The lower portion of a large Sumerian limestone worshipper figure

Early dynastic III, c. 2600-2350 B.C.
H. 31 cm (12 13⁄64 in)

Anonymous sale; Sotheby's, London, 10th July 1972, lot 86
Coins & Antiquities Ltd., London 1972-1978
Swiss private collection, 1978-2017

Pierre Amiet
“Die Kunst des Alten Orient”, Munich 1977, fig. 288-293

The lower half of the male figure preserved, standing on an integral rectangular base with back pillar, wearing an ankle-length six-tiered kaunakes, the petal-shaped tufts delineated by incision, his ankles and long straight toes visible, with seven pierced holes running around the top of the skirt into a circular hollowed section, possibly for the insertion of the upper portion of the figure, another two pierced holes at the back of the skirt in the midsection, and three at the back on the lowest tier of the kaunakes, (together with a small circular 'plug', fitting the circular aperture and seemingly belonging,)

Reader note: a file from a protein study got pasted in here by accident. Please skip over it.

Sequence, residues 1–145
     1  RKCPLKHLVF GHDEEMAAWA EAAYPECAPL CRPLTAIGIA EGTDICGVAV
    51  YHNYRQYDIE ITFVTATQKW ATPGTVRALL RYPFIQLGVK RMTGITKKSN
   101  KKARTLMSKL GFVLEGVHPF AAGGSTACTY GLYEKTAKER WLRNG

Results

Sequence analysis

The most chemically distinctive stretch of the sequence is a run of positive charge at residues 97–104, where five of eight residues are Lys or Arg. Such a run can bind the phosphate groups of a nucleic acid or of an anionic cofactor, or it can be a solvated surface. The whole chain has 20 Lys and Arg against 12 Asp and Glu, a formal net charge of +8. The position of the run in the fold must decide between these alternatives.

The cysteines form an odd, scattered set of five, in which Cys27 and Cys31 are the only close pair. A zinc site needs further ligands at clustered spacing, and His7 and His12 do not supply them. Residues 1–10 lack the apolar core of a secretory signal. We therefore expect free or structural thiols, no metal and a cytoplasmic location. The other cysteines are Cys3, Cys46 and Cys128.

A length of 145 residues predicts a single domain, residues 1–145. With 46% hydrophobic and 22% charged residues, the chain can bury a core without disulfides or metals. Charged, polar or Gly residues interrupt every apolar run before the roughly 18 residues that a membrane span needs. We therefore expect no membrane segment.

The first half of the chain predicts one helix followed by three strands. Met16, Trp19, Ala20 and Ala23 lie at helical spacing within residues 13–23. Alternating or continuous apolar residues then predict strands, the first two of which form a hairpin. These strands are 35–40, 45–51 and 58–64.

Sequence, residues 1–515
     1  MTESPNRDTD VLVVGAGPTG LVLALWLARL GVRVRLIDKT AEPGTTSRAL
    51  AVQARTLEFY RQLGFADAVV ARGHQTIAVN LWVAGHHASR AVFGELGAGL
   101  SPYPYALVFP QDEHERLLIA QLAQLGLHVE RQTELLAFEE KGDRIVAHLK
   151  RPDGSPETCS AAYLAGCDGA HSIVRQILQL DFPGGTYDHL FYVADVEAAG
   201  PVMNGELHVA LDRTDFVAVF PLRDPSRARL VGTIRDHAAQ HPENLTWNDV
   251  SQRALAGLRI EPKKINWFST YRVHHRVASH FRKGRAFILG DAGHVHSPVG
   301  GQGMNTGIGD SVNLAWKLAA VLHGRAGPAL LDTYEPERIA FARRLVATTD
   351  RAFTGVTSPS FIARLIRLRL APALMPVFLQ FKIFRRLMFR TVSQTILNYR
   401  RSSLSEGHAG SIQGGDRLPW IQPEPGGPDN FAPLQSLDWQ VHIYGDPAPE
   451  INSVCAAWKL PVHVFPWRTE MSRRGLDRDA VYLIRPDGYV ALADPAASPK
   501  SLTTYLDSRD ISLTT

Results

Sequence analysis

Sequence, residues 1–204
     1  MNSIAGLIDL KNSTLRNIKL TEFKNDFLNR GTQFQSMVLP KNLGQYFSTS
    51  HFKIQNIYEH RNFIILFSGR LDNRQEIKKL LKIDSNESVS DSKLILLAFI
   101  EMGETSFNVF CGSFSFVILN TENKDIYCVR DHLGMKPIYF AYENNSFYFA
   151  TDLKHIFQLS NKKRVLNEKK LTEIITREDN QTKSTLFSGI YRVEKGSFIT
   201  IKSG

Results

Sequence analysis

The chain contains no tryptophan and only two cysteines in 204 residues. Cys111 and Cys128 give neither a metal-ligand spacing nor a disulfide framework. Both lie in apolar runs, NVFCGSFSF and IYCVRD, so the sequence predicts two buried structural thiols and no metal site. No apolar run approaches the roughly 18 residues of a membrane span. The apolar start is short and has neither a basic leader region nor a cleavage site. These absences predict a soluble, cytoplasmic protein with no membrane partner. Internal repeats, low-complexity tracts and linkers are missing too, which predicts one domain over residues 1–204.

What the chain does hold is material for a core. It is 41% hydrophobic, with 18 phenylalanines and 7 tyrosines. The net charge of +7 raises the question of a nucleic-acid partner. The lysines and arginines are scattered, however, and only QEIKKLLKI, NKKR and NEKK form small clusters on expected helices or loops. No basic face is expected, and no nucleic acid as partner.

Sculptures such as the above depict worshippers, and were dedicated in temples as devotional votives, offering continuous prayer to the gods in their owner's absence. The characteristic layered skirts worn by these figures are thought to have been modelled after sheepskin skirts worn by devotees during rituals. For a full statuette of the type, measuring just 20cm in height, see the Ashmolean Museum, Oxford, acc. no. AN1919.65. Arguably the most extraordinary sculptures of this type come from Mari, situated in modern-day Syria, and were discovered in the Ninni-zaza Temple: an over lifesized statue of a seated woman, wearing the layered fleecy skirt along with a mantle of the same material, reproduced in C.J. Du Ry, Art of the Ancient Near and Middle East, New York, 1969, p.63, and the standing statue of King Iku-Shamagan. Both are now in the Damascus Museum.

You may also like

View More